In February of this year Hudson School alumnus and Peace Corps Volunteer Daniel R. P. Cline was evacuated from Haisyn, Ukraine along with the over 200 other volunteers serving in that country. While awaiting the decision of the Peace Corps as to whether they will be able to return to serve in the communities they have come to love, volunteers are back in the United States fulfilling their mission to teach Americans about the country they left behind and working on projects that can be completed from the States.
Mr. Cline and his colleague, Susan Dodenhoff from Dighton, MA, visited The Hudson School to enrich the students’ understanding of the former Soviet state. While speaking to a class of juniors and seniors, Mr. Cline and Ms. Dodenhoff explained the history of the region and gave the students some background information about the current crisis. Harriet Fitzpatrick’s World Civilizations class was intrigued to learn that Kiev, the capital of Ukraine, is considered “the mother of all Russian cities.” The students engaged in a lively dialogue with their young instructors about the roots of the current crisis, appreciating an informed personal viewpoint, which illuminated their study of this part of the world. In a slideshow that accompanied the presentation, images of beautiful Independence Square in Kiev, blackened and charred from the recent conflict, brought a saddened silence to the discussion.
Mr. Cline and Ms. Dodenhoff shared various aspects of their work in Ukraine, which they noted, is the largest country in Europe. They discussed the kindness of the people who have hosted them and expounded on the problems in this developing nation. Dan and Suzy, as they preferred to be called, explained their efforts to improve conditions by teaching the young people about gender and health issues. However, their primary Peace Corps assignment was teaching English in schools and spearheading community-based projects. Learning the English language is seen as a great benefit for the young people with whom they work. Ukrainians know that if they are able to learn English they will get better jobs and improve their living conditions in the future. From their American homes Mr. Cline and other returned volunteers recently created the testing for the English Olympiad, a nationwide competition that pits young scholars from every part of the country against one another in listening, reading, writing and speaking skills. Ukrainian teachers, who have worked with the Peace Corps Volunteers in the schools, conducted the contest, which is organized in partnership with the Ukrainian Ministry of Education and supported by the U.S. Embassy. Despite the absence of the Peace Corps Volunteers the Olympiad was a great success. The winners receive many prizes including advantages in university placement, so the competition was understandably intense.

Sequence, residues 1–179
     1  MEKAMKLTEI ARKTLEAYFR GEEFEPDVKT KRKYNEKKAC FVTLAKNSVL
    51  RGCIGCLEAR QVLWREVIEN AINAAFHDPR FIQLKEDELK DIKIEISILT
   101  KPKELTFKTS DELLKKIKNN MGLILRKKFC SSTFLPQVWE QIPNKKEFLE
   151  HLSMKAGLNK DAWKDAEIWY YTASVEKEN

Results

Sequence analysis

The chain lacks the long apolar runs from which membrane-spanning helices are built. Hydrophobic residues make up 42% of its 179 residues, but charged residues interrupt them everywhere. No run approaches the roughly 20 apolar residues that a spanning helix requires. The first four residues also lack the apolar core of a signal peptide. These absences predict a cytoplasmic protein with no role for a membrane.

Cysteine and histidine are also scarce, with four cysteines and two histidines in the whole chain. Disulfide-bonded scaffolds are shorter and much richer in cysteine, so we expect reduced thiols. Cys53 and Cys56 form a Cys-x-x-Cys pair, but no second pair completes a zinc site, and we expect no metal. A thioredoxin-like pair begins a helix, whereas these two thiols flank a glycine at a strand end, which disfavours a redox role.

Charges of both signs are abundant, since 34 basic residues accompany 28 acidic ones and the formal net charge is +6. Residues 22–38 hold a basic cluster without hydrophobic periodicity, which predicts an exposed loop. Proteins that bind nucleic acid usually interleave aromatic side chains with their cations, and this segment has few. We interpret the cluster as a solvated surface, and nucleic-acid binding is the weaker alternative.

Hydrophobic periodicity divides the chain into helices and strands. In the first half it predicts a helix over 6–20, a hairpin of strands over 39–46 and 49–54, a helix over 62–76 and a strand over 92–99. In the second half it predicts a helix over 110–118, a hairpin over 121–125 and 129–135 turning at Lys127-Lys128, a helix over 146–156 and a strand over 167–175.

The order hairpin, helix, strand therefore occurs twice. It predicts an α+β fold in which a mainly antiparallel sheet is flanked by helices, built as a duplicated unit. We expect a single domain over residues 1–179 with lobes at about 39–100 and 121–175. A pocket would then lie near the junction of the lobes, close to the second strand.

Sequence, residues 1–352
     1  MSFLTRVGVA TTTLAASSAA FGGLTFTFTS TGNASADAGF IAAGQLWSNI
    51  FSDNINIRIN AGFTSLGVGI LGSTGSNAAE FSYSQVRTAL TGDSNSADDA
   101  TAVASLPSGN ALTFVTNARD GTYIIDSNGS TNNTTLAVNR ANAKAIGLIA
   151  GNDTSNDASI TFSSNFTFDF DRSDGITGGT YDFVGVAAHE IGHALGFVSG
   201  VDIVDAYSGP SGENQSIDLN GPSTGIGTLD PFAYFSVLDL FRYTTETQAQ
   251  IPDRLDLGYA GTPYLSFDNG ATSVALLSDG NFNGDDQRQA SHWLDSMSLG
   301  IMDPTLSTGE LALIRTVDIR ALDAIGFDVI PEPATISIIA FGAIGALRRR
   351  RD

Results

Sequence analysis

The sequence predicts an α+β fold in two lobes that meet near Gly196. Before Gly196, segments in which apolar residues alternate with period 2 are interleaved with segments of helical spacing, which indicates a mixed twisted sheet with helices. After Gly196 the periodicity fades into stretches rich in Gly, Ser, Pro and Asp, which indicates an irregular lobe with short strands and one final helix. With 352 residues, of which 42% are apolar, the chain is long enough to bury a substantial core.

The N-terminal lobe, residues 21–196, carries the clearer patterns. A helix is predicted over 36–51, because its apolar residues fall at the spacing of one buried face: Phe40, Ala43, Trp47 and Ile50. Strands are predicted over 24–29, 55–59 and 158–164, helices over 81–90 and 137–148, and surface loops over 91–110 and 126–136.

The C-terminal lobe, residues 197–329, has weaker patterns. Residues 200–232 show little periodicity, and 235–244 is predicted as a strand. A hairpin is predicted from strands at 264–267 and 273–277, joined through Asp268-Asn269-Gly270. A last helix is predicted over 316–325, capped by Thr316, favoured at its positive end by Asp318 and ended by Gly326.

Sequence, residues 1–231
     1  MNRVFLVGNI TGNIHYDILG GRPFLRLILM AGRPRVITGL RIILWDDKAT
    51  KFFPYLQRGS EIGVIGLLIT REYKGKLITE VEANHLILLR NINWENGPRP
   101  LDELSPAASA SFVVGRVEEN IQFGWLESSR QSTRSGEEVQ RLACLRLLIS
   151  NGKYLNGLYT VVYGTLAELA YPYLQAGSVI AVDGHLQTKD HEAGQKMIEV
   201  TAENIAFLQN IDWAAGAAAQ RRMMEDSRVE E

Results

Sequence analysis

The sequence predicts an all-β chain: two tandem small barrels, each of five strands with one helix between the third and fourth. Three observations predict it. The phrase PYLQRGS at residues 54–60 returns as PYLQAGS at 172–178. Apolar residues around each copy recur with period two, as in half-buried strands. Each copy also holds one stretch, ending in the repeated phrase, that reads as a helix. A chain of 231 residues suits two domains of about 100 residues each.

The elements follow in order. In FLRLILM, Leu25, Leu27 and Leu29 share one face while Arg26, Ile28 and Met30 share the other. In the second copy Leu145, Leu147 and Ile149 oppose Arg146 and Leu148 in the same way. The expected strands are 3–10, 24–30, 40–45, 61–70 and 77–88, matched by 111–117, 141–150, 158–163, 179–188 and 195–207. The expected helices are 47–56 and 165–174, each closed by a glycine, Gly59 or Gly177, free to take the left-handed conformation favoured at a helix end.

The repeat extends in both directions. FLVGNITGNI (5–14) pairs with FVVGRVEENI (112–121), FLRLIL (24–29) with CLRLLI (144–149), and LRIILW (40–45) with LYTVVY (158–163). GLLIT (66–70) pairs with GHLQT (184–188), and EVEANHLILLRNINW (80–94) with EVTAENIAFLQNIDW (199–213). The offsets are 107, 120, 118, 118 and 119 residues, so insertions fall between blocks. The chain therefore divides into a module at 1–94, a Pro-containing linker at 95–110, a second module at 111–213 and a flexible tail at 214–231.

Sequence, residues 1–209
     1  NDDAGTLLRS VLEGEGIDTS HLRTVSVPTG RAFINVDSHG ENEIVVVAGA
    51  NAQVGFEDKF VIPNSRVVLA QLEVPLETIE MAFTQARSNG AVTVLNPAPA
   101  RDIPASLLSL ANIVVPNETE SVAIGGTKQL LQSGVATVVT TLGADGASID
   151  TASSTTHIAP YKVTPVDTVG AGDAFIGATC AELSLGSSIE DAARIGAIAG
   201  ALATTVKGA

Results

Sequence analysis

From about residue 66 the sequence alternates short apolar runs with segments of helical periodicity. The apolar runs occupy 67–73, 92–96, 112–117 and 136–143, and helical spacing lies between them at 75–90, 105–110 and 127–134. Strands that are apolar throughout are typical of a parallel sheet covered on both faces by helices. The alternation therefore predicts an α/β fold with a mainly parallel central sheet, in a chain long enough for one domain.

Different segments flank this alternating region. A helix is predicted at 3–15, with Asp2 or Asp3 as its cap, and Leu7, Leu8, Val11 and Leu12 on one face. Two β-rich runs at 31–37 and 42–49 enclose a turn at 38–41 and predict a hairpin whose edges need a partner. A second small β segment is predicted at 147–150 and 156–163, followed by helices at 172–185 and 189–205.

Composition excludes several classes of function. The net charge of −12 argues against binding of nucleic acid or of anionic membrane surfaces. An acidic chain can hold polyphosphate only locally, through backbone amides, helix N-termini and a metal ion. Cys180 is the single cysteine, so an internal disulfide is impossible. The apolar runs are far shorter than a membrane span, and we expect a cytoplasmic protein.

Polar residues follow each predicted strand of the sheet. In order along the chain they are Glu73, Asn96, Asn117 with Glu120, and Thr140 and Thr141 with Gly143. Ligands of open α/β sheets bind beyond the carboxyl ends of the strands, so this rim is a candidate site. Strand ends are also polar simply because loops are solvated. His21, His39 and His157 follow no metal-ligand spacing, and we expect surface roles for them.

One upcoming project that is part of Mr. Cline’s responsibilities and close to his heart is raising funds for Camp OHALOW (Overcoming HIV/AIDS and Leading Our World), a summer program that offers an opportunity for HIV-positive children to escape from the stigma of their disease in a safe and nurturing environment. According to their web site, OHALOW is designed to help the children by “providing them with an accepting environment to increase their knowledge about HIV/AIDS, foster social development, build leadership skills and practice designing projects, so that they may better serve their communities and live healthier, more fulfilling lives.” Mr. Cline hopes to return to participate in the running of the program, or at least be able to raise enough money from the United States to ensure that this summer experience will be available for these children. If you are interested in supporting this work, you can help Camp OHALOW by making a donation on their web site: http://www.gofundme.com/4vryqw.
Dan Cline mentioned that his experiences at The Hudson School and subsequently at Bard College broadened his horizons. When he was informed that Suellen Newman, founder and director of The Hudson School, is a returned Peace Corps Volunteer and member of the first group to serve in the Ivory Coast, Mr. Cline did not express surprised. Rather, he noted that the culture of the school reflects an understanding of the world outside the United States. Mr. Cline shared the thought that his hours of playing Diplomacy in a club instituted by his Hudson School history teacher, Jeffrey Gould, may have influenced his desire to volunteer for Peace Corps work. Whatever the reasons and motivations for their commitment, Dan Cline and Suzy Dodenhoff exemplify the tradition of caring, hard work and intelligence that have long been the hallmark of Peace Corps Volunteers.